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When MAMMA MIA! Was The Right Musical At The Right Time

It's easy to think of a drama like ANGELS IN AMERICA as being important. Years from now we may look on an adventurous and original new musical like HAMILTON as being important.

MAMMA MIA!? A smash hit for sure, but can we look on this fluffy, mindless jukebox musical as being important? If you were in New York City when Mamma Mia! opened in October of 2001, the answer is a resounding yes.

New Yorkers certainly had other matters to deal with after the events of September 11th than the financial status of Broadway. Mayor Giuliani was imploring his constituents to do their best to go on with business as usual to achieve a sense of normalcy. Grieving was necessary, of course, but tourism had grinded to a halt and hit shows were playing to small houses of people who perhaps weren't emotionally ready to enjoy themselves. (Soon those seats would be filled with first responders and their families, who were given comps.) The city launched a national campaign to bring theatre lovers back to Broadway.

Broadway's hottest new ticket was THE PRODUCERS, and while Mel Brooks and Thomas Meehan's script never directly mentioned the atrocities committed by Adolf Hitler, there was always that inevitable dark edge to the comedy. The Off-Broadway hit URINETOWN with its spoofing of Brechtian detachment and plot involving people being thrown off a building, had begun Broadway previews and would open just nine days later.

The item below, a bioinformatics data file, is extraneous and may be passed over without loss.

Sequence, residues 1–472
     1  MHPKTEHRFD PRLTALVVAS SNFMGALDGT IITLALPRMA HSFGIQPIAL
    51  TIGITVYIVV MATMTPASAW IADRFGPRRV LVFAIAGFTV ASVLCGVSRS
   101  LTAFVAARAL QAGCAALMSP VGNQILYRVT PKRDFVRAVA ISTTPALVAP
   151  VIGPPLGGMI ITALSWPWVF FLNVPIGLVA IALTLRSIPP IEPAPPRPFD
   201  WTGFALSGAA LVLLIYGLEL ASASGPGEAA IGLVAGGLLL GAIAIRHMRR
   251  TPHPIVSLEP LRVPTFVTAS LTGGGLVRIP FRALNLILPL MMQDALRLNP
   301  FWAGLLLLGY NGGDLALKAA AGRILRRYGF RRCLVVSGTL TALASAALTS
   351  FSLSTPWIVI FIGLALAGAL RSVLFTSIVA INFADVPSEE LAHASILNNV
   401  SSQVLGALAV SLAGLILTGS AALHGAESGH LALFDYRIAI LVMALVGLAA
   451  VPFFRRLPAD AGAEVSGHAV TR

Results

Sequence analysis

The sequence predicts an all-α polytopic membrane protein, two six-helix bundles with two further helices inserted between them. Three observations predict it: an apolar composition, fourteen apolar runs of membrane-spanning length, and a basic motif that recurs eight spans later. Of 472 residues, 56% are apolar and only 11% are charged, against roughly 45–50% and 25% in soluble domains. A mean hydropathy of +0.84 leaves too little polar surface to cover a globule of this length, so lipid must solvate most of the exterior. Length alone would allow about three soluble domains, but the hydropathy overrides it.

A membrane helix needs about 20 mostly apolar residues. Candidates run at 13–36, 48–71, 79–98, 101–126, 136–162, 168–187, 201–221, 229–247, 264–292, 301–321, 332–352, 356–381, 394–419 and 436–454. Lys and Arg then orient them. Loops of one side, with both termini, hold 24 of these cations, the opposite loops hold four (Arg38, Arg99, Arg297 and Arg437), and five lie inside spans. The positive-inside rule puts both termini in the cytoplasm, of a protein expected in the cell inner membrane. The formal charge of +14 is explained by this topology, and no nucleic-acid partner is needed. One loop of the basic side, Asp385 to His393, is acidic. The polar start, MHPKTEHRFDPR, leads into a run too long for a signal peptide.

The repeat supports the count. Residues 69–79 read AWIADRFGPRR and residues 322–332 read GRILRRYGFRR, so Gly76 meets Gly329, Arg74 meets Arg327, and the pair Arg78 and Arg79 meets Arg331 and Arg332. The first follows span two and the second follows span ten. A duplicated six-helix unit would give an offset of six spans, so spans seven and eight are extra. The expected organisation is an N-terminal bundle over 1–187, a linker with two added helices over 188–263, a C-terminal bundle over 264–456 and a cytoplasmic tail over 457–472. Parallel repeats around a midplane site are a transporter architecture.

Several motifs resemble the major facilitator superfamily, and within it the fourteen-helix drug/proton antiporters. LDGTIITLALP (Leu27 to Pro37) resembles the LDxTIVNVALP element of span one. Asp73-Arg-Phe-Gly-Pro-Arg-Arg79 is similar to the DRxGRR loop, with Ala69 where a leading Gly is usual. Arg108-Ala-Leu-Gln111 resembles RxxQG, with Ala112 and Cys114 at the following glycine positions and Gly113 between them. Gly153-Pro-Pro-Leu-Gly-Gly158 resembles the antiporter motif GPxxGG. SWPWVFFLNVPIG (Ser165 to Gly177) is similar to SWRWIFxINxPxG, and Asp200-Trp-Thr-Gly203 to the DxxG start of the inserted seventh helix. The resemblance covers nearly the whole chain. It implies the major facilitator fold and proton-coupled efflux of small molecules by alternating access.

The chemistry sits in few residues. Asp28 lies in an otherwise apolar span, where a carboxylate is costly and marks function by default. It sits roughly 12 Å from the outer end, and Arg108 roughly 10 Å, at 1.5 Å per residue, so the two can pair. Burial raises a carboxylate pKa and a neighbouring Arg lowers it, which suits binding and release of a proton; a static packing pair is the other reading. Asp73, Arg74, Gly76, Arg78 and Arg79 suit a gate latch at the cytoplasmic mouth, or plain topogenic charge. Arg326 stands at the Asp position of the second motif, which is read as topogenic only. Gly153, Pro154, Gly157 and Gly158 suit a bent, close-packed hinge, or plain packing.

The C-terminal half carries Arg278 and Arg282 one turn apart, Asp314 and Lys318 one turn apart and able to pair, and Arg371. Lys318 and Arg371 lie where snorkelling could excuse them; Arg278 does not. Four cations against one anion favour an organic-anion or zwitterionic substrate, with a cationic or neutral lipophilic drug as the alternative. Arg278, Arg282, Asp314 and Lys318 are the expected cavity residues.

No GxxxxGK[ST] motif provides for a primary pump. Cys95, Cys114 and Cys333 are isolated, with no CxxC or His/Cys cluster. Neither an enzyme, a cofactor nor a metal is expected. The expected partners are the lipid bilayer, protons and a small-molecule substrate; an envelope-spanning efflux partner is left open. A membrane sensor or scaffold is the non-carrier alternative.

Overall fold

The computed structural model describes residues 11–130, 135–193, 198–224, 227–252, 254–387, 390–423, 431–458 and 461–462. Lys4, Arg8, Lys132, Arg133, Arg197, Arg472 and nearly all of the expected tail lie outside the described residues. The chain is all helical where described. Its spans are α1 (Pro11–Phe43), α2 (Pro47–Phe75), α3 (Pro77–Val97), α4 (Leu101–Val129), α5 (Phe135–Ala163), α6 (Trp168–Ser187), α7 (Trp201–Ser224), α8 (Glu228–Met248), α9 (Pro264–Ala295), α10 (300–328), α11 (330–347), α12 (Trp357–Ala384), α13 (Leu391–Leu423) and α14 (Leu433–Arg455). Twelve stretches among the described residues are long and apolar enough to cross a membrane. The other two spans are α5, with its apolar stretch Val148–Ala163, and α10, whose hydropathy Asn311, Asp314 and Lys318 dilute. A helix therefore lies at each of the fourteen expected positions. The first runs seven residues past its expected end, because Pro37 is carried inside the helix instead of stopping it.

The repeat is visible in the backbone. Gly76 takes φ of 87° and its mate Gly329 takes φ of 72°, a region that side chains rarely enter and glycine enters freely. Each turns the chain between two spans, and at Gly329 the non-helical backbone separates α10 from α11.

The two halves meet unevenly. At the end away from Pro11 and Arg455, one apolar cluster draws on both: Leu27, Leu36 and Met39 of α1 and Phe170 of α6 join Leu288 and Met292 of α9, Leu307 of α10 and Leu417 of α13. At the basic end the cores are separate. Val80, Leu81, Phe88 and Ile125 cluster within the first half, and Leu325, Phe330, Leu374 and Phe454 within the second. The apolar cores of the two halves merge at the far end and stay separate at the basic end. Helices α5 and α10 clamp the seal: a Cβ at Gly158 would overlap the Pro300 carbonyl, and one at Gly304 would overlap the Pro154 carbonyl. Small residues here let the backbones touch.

But on September 12th, Andrew Coyne of Canada's National Post observed, "The Age of Irony died yesterday"; a sentiment that would soon be echoed in the pages of Time and Vanity Fair. Even the satirical daily, The Onion, went on hiatus until a time when people might find their brand of intellectual detachment funny again.

Then came MAMMA MIA; colorful, buoyant, open-hearted, filled with comfortingly familiar songs by ABBA and without a trace of irony.

In a 2010 interview for, original Broadway cast member Judy Kaye described the reaction from the first preview audience:

"The first preview had been sold to some corporation. At the end of the show there is what is called the Mega-Mix where we do "Dancing Queen" and "Waterloo" and all of that stuff. We dance to the edge of the stage and oft times people will get up out of their seats and dance with us. That preview night, there were dozens of young men in their suits with their ties all pulled down and they sort of raced to the stage with the kind of looks on their faces that said, 'Oh my God, we haven't smiled in days, in weeks and we need to very badly.'"

Ben Brantley's New York Times review sealed the deal:

"It is a widely known if seldom spoken truth that when the going gets tough, the tough want cupcakes. Preferably the spongy, cream-filled kind made by Hostess. Actually, instant pudding will do almost as well; so will peanut butter straight from the jar. As long as what's consumed is smooth, sticky and slightly synthetic-tasting, it should have the right calming effect, transporting the eater to a safe, happy yesterday that probably never existed."

Though not exactly declaring it a work of art, Brantley knew the medicinal value of a good sugar rush: "Those in need of such solace -- and who doesn't that include in New York these days? -- will be glad to learn that a giant singing Hostess cupcake opened at the Winter Garden Theater last night. It is called MAMMA MIA! and it may be the unlikeliest hit ever to win over cynical, sentiment-shy New Yorkers. That includes the Winter Garden's long-lived previous tenant, a show in which some scrappy cats sang poems by T. S. Eliot."

The healing power of art is often discussed when tragedy strikes. New Yorkers still pride themselves on being jaded and cynical, and anyone who rides the L train can't deny that irony is alive and well, but for 14 years, MAMMA MIA! reminded us how tasty the occasional cupcake can be.

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From This Author Michael Dale